Making a 110mm f7 mirror.

1: Preparations

The challenge for this mirror is its small size combined with low speed (f/7) and the fact that it has to go in an existing Vixen tube. I believe this tube was originally meant for an 4.24" f/8 mirror. The work started on August 29, 2007.

cutting setup As usual, first the disk has to be cut out of a piece of 19mm glass I had still in stock. A biscuit cutter made from a plywood disk and some copper strips, mounted in a drillpress, surrounded with plenty plastic, do the trick.

cutting setup

Above, the blank has just released. You can see the putty dam, and the mess it has made.

Cutout blank

Circular scratches on the back of the blank indicate the wear when it came loose. Next step is to grind flat the back. Float glass is usually very flat, and especially for a blank of this size back grinding is not really neccessary. However, last two mirrors I forgot to do this, and found it is especially annoying during the testing. So grab a tile, left over form the kitchen floor, and grind the back of the mirror with some SiC180 and water. A single session does the trick, and when prolongued, the grit has broken down sufficiently to give the back a #600 look.

Grinding the back  Ground back

2: Rough grinding

This was started on the same day the blank was cut. The pudding bowl left over from the 150f4 was used as tool.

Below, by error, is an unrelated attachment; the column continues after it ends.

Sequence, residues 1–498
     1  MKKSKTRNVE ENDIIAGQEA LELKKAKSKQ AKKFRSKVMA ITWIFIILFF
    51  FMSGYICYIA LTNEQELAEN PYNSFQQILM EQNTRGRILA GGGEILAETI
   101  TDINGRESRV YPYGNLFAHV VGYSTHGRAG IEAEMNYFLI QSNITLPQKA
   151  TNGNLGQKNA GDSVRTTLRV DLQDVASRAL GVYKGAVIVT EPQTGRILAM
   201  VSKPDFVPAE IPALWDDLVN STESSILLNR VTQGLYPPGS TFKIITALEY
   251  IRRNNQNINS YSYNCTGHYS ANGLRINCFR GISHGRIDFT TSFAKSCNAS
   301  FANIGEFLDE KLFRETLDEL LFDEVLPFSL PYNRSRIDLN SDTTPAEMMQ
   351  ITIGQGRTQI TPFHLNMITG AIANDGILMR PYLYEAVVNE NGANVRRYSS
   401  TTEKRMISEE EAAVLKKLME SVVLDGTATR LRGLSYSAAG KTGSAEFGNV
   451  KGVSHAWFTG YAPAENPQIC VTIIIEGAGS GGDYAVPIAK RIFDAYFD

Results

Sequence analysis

Hogging setup  Initial cavity

As you can see, the hogging affects the center most. Special care must be given to the edges, since the sagitta is reached quickly, it's only 1mm. In the right picture the sag is almost there, but I will do a bit more roughing to get a better approximation of a sphere: this may save some time during fine grinding.

3: Fine grinding

The calculated sagitta of 1mm has been reached. Well, in fact I've overshot it as later focal length measurement revealed, because my calculation was faulty: filled in F instead of RoC...

Sagitta reached  Start fine grinding

I made a tile tool, still ignorant of any overshoot: in the right image the setup can be seen with the plaster still curing. The #80 carbo is waiting in the background to do the first mating wets.
After contact is reached the tile, tool and blank are rinsed, and the fine grind commences with #180 SiC. Tool on top first, to work the edge regions a bit more. The left image above shows the usual flat edge left over after hogging. Full contact is tested with sharpie test, and this is also the time to find out about the overshoot, by wetting the mirror and imaging a ceiling halogen light back on the ceiling.
Float glass cuts fast, however, so the focal length was quickly extended while goind down through the grits: #180, #360, #800, #1200. It all takes just a couple of hours with this glass and this size.

Scratches  No scratches

Toward the end of fine grinding the mirror surface is carefully studied, and yes: there are the scratches! (left image) Luckily quite shallow, and one more gentle wet later the scratches appeared to be made during the #1200: they are all gone now...

Red-out test The final test for the quality of the fine grind is the red-out test. Any more-or-less smooth surface reflects an image up to some limiting angle. With rougher surfaces the angle will be more shearing, or toward 0°. Fine ground surfaces, such as a mirror after #1200 grit, will reflect up to 30°-40°. In the imgage on the left, the foucault tester slit is reflected up to about 30° with restect to mirror surface, and at this point it just starts to "red-out". Therefore, I call the fine grinding phase done!